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Unfortunately, most optometrists underutilize one of the most powerful tools for practice
profitability and growth: delegation. In my experience, there is a wide range of delegatory
practices in existence in eye care, from the very low level to the extremely high level. I
call this range the delegation scale, and I firmly believe that at least 80% of ODs could benefit
from taking a step up on that scale, from wherever they happen to currently be. I admit that
delegation can have a downside, if it’s not managed properly, but it is far too important of a
management principle to shy away from based on that fear.
Resistance to delegation
In my practice management lecture seminars, I often feel some resistance to delegation from
doctors in the audience. There are various reasons (I think they’re excuses) cited for why they
don’t like it. I’m not really sure why optometrists are slower to delegate than our counterparts
in medicine and dentistry – although I acknowledge that our professional training does not teach
us to embrace the concept. But there are lots of things we learn to do outside of optometry
school, and delegation is one of them.
Productivity and expense reduction
Most docs who delegate at the higher end of the scale do so because they’ve seen the great
benefits of higher production. Production in terms of number of exams per day, boxes of contact
lenses dispensed, pairs of glasses ordered, or any other revenue producing item you want to look
at. If you are one of my many colleagues who have not taken a step up on the delegation scale
for a long time, however, perhaps looking at delegation from the expense side, rather than the
revenue side, will entice you. You are losing money by under-delegating. No practice owner
willingly pays more than they need to for office supplies, rent, staffing, inventory or any other
expense. Yet, that’s what you do when you perform many tasks in your practice that could be
CEO vs. doctor
Think of your practice as a separate entity, a company. You are the CEO. Consider your doctor
persona as a separate individual whom you hired for the job of optometrist. Consider the
doctor’s skill level in eye care and his or her annual personal income. It would be wasteful to
assign simple, repetitive tasks to this person, when a technician could be hired to do them.
Using the proven philosophy of each person working at his or her greatest potential, even fairly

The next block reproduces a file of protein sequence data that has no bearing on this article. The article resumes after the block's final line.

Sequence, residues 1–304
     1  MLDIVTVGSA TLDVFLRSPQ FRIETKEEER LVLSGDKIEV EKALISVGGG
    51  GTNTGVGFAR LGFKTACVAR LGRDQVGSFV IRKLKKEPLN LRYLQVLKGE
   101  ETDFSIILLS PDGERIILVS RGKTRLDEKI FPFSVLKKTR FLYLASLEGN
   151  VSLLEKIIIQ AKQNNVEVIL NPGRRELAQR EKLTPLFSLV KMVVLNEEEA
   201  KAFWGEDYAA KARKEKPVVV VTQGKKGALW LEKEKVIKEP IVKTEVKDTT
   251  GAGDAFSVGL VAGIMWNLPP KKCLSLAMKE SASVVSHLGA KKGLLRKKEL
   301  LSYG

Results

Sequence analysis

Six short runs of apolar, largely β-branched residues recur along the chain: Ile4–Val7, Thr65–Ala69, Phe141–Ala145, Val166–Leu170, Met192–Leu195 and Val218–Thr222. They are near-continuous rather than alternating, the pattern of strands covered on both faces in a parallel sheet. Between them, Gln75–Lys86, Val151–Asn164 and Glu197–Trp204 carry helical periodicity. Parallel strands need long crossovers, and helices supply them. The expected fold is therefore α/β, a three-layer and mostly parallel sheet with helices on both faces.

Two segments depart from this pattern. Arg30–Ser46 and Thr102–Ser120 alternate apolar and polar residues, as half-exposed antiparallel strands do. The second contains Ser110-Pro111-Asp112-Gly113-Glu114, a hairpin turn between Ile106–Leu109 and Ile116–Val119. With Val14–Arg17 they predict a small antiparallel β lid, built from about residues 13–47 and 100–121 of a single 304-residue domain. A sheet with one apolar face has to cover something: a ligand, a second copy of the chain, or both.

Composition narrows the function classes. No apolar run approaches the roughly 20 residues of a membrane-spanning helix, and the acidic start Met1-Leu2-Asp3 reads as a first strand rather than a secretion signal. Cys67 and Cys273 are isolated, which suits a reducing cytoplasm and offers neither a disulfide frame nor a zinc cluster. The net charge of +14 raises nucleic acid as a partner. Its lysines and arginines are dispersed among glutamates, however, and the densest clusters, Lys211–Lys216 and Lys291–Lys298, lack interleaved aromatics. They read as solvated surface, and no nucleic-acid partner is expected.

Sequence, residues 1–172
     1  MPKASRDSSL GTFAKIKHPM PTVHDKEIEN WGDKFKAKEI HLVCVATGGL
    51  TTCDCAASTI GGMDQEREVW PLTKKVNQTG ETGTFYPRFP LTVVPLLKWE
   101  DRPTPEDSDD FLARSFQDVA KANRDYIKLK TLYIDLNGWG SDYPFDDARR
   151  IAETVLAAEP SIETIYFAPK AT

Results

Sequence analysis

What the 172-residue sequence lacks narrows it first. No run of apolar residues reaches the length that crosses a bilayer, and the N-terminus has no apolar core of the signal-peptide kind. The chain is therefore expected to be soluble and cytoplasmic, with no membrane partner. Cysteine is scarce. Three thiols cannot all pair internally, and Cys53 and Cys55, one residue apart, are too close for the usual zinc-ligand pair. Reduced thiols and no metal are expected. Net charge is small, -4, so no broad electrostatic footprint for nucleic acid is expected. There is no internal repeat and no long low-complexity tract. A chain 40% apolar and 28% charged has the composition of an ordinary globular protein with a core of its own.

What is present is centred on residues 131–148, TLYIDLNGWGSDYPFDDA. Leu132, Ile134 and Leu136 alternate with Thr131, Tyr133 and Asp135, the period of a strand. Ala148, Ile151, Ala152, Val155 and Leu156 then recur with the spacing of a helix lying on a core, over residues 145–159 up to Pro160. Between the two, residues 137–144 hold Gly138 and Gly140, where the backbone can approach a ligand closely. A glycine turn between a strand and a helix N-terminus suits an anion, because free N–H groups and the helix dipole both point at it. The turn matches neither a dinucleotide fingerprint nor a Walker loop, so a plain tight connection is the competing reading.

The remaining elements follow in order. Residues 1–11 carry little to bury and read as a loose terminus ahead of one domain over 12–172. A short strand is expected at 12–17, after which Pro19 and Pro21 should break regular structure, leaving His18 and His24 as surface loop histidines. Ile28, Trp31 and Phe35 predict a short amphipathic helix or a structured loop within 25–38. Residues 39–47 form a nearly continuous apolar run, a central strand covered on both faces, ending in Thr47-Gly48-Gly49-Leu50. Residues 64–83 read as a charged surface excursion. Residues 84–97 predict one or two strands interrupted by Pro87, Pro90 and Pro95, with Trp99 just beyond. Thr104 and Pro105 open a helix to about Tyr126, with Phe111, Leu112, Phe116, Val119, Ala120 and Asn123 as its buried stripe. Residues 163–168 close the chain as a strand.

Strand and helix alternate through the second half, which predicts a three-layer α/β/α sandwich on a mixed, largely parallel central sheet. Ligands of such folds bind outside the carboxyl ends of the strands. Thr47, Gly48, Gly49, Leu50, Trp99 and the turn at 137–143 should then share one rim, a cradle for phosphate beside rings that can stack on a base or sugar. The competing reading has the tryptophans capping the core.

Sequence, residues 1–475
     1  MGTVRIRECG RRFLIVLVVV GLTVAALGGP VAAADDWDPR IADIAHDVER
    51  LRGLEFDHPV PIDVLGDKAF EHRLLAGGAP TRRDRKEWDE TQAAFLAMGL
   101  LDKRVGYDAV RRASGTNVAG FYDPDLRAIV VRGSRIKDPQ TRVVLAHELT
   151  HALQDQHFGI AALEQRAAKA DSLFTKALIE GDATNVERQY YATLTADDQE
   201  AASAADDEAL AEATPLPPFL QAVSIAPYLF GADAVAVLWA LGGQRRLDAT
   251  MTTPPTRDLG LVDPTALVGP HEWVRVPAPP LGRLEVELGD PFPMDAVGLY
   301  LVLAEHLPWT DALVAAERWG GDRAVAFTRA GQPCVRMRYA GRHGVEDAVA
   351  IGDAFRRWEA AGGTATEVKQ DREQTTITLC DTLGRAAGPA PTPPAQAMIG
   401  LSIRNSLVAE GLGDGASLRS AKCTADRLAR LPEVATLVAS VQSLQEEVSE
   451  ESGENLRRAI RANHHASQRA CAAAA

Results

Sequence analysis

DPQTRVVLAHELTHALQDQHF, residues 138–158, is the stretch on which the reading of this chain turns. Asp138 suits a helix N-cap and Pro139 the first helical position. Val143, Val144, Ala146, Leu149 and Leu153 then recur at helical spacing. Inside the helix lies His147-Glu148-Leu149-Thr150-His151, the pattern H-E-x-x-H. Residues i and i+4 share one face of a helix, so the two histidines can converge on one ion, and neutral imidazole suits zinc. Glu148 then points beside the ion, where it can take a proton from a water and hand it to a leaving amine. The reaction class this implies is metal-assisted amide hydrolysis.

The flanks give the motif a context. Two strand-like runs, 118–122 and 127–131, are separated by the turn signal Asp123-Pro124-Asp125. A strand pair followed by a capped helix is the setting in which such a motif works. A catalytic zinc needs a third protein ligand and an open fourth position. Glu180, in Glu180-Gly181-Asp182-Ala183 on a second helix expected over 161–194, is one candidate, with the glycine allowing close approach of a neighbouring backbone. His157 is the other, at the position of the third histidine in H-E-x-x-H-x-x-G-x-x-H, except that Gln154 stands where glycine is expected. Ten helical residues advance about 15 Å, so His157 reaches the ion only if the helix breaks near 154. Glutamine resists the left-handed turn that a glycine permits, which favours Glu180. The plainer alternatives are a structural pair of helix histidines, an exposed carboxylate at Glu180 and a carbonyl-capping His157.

technical tasks should be shifted from the doctor, assuming techs can do the job as well (often
using special instrumentation). A CEO who does not staff properly is guilty of poor management.
It’s not that the doctor is too good to do the menial tasks of changing light bulbs or ordering
contact lenses or taking entrance visual acuity, and from a practical standpoint, this might
have to happen for a while. I understand growth phases in a practice when staffing is not
optimum – yet. But the distinction between a growth phase and poor management occurs when the
assignment moves from temporary to permanent in the mind of the CEO. It becomes a problem when
the doctor does menial tasks for years and there is no longer any effort to move away from that
Many practitioners feel they can’t increase delegation because they would have to hire another
staff member. Exactly! What’s stopping you? The expense? But we just discussed how it’s
really more expensive to do it yourself. After a new technician is hired, and you gain some
breathing room, you can experiment with a new clinical and optical process. You can reorganize
your appointment schedule and rearrange some exam rooms and equipment. It will not take much
for the gained efficiency to pay for the salary of the new employee. Grow into your new level
on the delegation scale and repeat the process.
An assignment for next week
This topic of delegation is so important to successful practice that I’m going to continue with
it next week. In the meantime, take a pad of paper and jot down on the left side all the tasks
that you currently delegate in your practice. Give this some thought, and include tasks from
office administration, clinical services, optical dispensing, and optical lab. Then jot down on
the right side all the tasks that your practice currently performs that could theoretically be
delegated to properly trained technicians and assistants. Put a check mark next to any tasks on
the right side that you know could be delegated, but you would not personally feel comfortable
We’ll meet back here next week.
Best wishes for continued success,
Neil B. Gailmard, OD, MBA, FAAO
Editor, Optometric Management Tip of the Week
Dr. Gailmard's new book, Practice Management in Optometry: A Blueprint for Success Based on the Optometric Management Tip of the Week, is now available on Amazon.